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Vladimir Putin literally just said the words: “I’m not a woman so I don’t have bad days”

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Kayleigh Dray
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It’s 2017, so you’d be forgiven for hoping that male politicians might accept and respect women as their equals. However, as the likes of President Donald Trump and MEP Janusz Korwin-Mikke (oh he of the belief that women are “too small and weak” for equal pay) have proven time and time again, misogyny continues to reign supreme all over the world.

So it should come as no surprise that Vladimir Putin has also decided to stamp all over womankind with his polished black shoes.



When the Russian president was quizzed about his stamina and stability in Oliver Stone’s four-part documentary, The Putin Interviews, Putin smiled indulgently and leaned forwards, as if he had a great secret to share.

“I am not a woman,” he revealed, “so I don’t have bad days.”

Perhaps using all of his skills as a former KGB agent to pick up on the fact that his words had not been well received, Putin added: “I am not trying to insult anyone. That’s just the nature of things.

“There are natural cycles.”

Well, if it’s natural, then we suppose it must be true.

“I am not a woman, so I don’t have bad days.”

“I am not a woman, so I don’t have bad days.”

Don’t despair though, members of the weaker sex: Putin does think women are very good at some things. It just so happens that those things are pumping out babies, raising a family, keeping our homes as neat and tidy as possible, and, y’know, looking beautiful.



Penning a letter to womankind on International Women’s Day, Putin – who is divorced with two adult daughters in their thirties – wrote: “Dear women, mothers, grandmothers, daughters, wives, friends, our nearest and dearest ones, please accept my heartfelt congratulations on International Women’s Day!

“You fill this world with beauty and vitality, giving warmth and comfort, cordiality and harmony with your tenderness and generosity of spirit.”

He continued: “You care day and night for your children, grandchildren and your family. Even today, on International Women’s Day, you are still caught up in your routine, working tirelessly, always on time. We often ask ourselves, how do they manage it all?”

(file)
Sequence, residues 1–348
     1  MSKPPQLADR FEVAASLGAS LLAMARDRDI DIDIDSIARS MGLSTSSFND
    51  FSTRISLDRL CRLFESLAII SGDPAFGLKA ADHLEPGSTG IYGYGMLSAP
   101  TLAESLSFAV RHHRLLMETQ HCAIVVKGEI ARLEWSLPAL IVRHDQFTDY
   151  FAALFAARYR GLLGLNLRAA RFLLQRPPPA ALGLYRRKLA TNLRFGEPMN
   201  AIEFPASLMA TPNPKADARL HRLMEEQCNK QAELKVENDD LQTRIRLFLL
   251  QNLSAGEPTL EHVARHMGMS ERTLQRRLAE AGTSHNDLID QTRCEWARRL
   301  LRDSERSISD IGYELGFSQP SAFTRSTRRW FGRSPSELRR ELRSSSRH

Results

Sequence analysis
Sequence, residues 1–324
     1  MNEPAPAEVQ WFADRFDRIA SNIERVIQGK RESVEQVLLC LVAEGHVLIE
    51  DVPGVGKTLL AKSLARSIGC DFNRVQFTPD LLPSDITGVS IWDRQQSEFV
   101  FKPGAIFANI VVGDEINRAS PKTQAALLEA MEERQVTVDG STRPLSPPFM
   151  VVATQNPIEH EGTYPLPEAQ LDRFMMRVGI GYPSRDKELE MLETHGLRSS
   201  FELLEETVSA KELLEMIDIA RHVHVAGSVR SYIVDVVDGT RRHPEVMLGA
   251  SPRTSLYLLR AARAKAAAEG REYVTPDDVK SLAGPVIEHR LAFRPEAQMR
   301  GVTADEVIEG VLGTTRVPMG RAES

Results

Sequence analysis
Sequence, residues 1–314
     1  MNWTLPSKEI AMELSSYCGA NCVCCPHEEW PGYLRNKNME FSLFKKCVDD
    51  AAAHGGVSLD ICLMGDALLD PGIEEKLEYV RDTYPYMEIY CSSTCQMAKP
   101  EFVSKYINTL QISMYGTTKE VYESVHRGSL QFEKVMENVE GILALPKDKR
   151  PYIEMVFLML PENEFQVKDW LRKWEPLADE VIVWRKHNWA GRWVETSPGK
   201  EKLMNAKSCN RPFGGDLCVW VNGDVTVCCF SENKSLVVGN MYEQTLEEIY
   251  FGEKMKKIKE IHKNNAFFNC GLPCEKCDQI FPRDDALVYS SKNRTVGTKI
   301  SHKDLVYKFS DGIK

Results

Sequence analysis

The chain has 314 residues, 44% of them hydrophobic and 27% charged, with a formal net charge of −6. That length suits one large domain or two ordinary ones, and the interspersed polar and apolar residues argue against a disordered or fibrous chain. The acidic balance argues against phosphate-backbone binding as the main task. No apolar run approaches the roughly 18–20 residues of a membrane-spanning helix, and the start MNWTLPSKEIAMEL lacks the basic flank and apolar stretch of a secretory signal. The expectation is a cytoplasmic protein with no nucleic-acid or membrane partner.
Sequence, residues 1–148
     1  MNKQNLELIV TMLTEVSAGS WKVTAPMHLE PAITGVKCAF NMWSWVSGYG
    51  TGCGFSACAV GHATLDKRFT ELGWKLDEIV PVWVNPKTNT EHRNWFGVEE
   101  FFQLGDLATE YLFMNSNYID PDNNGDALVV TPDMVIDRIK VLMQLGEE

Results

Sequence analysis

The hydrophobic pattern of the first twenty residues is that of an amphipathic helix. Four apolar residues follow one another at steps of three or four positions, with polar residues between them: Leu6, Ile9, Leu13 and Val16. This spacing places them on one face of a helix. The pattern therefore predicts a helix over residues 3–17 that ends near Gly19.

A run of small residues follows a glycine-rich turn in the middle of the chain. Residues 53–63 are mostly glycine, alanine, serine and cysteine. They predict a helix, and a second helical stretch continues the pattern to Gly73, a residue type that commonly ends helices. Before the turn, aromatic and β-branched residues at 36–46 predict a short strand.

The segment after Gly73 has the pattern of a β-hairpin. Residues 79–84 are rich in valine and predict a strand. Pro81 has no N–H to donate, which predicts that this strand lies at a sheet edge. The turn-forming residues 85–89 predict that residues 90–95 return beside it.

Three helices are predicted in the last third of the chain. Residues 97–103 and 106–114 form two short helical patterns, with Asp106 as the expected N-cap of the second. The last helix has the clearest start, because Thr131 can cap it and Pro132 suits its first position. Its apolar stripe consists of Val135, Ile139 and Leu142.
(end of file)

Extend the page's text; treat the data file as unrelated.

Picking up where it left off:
Ah, men. They’ll never understand how we women, with all of our flaws and weaknesses, cannily manage to function like real-life human beings.

Putin finished his letter by informing women everywhere that they were beloved by their menfolk.

“Most importantly, we love and treasure you,” he wrote. “No wonder men have been celebrating women in music and poetry for centuries. Konstantin Balmont, a Russian Silver Age poet, described women in a vivid and precise manner: A woman – with us when we are born, a woman – with us in our last hour, a woman – our standard during battle, a woman – the joy of open eyes.

“We always turn to women for inspiration and consolation, and always find it. Women give us life and perpetuate it in our children.”

Hmm. Remind you of anything?

On a completely unrelated topic, it’s worth remembering that Channel 4’s The Handmaid’s Tale (airing on Sundays at 9pm) is actually based almost entirely on real-life events.

That’s right: every aspect of Gilead’s culture has really happened at some point in history, somewhere in the world. And, looking at today’s political leaders, it seems as if the truth may just continue to prove far stranger – and more horrible – than fiction.

Images: Rex Features

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Kayleigh Dray

Kayleigh Dray is editor of Stylist.co.uk, where she chases after rogue apostrophes and specialises in films, comic books, feminism and television. On a weekend, you can usually find her drinking copious amounts of tea and playing boardgames with her friends. 

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